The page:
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Scientists Create Capsule Camera to Diagnose Diseases

Technological innovations in the health sector continue to emerge. One of them is a camera in the form of a capsule or pill, which is made to assist doctors in diagnosing diseases.

Scientists from the Faculty of Medicine and Health Sciences from The George Washington University in the United States and the technology company ANX Robotica created an innovation called NaviCam. The camera is so small that it is the size of a medicine capsule so that it can be swallowed by humans.

Despite its small size, this capsule camera is able to simplify the task of doctors in diagnosing diseases in the human body. Because the NaviCam capsule is able to visualize and photograph potential problem areas in digestion and other body parts.


According to Professor Andrew Meltzer who was involved in the development project for the tool, this capsule-shaped camera uses an external magnet and a joystick like a video game to make movements inside the body.

“Magnetically controlled capsules can be used as a quick and easy way to screen for health problems in the upper digestive tract such as ulcers or stomach cancer,” said Professor Andrew Meltzer.

quoted The telephone from Engadget on Thursday (08/06/2023), professor Meltzer and his team conducted a study of 40 people to test the NaviCam capsule.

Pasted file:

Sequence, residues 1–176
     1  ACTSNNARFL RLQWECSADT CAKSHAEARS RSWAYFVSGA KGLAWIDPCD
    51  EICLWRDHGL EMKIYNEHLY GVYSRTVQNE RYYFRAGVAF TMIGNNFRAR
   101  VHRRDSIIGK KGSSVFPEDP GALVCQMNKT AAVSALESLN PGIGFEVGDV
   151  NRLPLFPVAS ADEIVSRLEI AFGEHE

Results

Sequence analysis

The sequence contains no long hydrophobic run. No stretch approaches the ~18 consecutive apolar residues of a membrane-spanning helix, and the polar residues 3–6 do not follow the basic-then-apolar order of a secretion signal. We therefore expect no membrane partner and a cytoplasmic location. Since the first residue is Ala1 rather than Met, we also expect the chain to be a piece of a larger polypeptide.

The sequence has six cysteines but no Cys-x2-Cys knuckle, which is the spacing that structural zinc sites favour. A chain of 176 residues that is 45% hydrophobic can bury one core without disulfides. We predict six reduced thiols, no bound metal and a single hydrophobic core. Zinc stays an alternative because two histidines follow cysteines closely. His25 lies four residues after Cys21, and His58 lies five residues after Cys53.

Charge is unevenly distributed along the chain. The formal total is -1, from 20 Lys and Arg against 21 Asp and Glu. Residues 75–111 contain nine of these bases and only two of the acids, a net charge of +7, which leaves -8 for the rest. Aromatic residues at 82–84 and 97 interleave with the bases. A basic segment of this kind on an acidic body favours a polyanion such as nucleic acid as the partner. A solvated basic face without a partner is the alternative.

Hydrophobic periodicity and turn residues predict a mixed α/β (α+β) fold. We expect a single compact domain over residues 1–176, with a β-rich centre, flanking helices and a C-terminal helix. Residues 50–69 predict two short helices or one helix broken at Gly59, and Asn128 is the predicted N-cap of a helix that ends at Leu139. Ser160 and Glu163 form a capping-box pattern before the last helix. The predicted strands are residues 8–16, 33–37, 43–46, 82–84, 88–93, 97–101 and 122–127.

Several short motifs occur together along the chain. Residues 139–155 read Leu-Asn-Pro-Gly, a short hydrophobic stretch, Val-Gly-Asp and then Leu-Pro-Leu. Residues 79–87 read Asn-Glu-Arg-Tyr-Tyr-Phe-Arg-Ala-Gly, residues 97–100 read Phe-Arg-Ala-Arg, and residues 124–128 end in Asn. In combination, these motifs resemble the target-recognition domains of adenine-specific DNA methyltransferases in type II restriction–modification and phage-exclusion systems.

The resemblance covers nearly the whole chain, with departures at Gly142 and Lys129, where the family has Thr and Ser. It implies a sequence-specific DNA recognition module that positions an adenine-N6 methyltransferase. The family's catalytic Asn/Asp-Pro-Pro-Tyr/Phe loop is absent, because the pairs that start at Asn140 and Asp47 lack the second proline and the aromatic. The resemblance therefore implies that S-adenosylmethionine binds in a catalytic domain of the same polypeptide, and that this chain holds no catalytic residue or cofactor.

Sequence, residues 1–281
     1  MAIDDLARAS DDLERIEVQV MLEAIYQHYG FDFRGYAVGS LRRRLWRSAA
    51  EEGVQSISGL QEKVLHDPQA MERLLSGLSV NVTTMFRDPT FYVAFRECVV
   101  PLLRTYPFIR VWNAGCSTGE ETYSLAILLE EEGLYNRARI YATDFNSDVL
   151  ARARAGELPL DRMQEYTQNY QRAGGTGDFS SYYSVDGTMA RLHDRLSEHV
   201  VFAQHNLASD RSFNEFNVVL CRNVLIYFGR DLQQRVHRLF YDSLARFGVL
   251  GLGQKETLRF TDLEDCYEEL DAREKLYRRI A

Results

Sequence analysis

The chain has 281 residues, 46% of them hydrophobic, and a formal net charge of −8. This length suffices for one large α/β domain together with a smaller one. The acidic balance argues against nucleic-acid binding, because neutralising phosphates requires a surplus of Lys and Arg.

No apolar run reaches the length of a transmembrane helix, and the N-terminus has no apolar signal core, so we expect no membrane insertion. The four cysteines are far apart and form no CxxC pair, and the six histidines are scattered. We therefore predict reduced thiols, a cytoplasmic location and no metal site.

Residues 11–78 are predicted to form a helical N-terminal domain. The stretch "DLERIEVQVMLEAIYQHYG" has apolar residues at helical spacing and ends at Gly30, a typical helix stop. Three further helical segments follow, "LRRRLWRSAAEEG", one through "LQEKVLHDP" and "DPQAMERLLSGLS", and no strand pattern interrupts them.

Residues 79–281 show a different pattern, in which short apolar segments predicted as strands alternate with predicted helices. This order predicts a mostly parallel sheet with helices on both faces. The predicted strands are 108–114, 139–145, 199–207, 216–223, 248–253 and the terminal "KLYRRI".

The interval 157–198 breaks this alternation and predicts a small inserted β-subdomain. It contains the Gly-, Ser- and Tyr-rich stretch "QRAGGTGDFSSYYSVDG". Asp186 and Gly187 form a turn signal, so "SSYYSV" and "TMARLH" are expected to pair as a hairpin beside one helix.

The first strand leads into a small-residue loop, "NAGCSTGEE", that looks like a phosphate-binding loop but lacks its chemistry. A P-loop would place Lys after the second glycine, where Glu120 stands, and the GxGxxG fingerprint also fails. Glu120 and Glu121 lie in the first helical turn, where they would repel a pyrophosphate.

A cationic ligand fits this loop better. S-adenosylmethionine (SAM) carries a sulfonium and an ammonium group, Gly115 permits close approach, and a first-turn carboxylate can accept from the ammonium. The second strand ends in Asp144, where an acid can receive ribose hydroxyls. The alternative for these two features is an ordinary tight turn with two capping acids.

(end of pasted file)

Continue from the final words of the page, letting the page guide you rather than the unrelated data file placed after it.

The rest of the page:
The result is satisfying because the doctor is able to control the capsule to all the main parts of the stomach with a 95% visualization success rate. The capsules can also detect bleeding and swelling inside the body. Photo and video results can also be transferred to other platforms for further review.

Professor Meltzer assessed that this capsule could replace the role of conventional endoscopy technology that has been used so far. This means that the treatment process can be cheaper and also more comfortable for patients.

“Traditional endoscopy is an invasive procedure for the patient, not to mention expensive due to the need for anesthesia and time off from work,” says Professor Meltzer.


The researchers note the trial program is still in its early stages and a much larger trial with many more patients is on the horizon.

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